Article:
To understand how Illinois House Speaker Michael J. Madigan has kept his decades-long grip on state politics, it helps to consider August A. Olivo.
Over the years, the younger brother of former 13th Ward Ald. Frank Olivo has done his part to help the speaker’s political interests, including giving $8,100 to Madigan’s 13th Ward Democratic Organization and gathering signatures to help get the speaker’s daughter, Attorney General Lisa Madigan, on the ballot.
Before then, the speaker was Olivo’s sponsor when he wanted a favor from former Gov. George Ryan, according to a once-secret list that tracked perks Ryan doled out when he was secretary of state. Madigan helped Olivo get a low-digit license plate — a symbol of clout — from Ryan’s office, records show.
And Olivo has gotten much more from other branches of government in which Madigan, who is also the state Democratic Party chairman, holds sway. At 52, Olivo is retired from the Cook County Highway Department, collecting a county pension of $81,204 a year. Since 2011, he’s been working for another government agency, the CTA, where he makes $80,194 a year managing warehouse operations in the transit agency’s purchasing department.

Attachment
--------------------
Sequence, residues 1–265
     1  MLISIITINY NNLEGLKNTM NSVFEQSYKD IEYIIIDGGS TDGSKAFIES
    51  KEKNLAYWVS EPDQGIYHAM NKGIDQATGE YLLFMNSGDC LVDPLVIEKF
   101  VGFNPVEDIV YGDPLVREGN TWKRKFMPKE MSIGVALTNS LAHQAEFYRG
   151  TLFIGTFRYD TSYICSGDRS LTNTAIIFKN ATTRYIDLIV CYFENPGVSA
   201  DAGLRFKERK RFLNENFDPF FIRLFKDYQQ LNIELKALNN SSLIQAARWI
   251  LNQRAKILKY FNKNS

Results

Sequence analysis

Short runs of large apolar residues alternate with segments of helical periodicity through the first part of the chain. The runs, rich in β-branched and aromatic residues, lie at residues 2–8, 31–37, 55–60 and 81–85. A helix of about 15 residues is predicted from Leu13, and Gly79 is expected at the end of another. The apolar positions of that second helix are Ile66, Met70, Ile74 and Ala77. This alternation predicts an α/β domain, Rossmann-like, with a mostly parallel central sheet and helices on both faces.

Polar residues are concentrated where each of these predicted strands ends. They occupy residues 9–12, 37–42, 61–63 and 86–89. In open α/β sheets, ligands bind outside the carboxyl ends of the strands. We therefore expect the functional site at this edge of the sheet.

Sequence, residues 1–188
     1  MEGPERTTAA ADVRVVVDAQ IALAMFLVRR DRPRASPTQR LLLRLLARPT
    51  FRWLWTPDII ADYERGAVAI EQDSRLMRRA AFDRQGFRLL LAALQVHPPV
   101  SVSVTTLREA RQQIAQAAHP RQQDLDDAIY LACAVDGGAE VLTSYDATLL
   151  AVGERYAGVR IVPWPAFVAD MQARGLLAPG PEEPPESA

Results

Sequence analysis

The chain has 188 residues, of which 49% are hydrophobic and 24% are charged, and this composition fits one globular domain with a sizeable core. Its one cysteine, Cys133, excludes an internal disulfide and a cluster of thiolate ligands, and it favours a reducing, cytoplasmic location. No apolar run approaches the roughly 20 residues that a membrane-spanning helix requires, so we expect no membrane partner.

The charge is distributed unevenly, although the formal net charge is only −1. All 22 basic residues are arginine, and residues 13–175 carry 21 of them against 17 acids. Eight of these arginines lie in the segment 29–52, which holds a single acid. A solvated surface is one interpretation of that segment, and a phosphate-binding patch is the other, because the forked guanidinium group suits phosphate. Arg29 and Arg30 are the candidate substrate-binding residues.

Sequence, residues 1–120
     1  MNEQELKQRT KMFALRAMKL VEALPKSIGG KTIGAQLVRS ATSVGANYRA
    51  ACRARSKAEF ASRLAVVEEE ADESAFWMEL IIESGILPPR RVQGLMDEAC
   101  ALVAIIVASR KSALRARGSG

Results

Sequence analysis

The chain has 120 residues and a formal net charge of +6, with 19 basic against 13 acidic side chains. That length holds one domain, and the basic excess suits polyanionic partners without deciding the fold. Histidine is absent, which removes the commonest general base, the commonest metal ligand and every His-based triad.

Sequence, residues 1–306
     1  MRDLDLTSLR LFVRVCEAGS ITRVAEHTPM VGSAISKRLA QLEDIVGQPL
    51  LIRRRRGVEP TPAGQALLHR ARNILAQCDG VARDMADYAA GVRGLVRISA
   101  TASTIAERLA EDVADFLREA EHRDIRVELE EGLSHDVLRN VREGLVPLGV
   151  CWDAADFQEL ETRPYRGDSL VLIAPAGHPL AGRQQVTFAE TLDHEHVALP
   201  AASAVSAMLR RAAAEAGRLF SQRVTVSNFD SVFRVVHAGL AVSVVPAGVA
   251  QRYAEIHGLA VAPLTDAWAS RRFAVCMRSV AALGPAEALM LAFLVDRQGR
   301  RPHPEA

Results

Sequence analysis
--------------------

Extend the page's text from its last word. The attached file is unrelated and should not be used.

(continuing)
He’s one cog in the political machine of government workers who have helped Madigan build a veto-proof majority in the Illinois House, where he’s reigned as speaker for all but two of the past 31 years — a span far exceeding that of any governor — becoming a powerhouse far beyond the halls of the Capitol.
It’s impossible to know exactly how many people in government posts have given money to Madigan-controlled political funds or how many owe their jobs, promotions or pensions to the Democratic leader from Chicago’s Southwest Side. One complicating factor is that there are few records that reflect when the speaker has pushed for a job or promotion. Also, Illinois law requires occupations and employers of campaign contributors to be listed only when individual gifts top $500, making the extent to which Madigan supporters like Olivo get taxpayer-funded paychecks difficult to assess.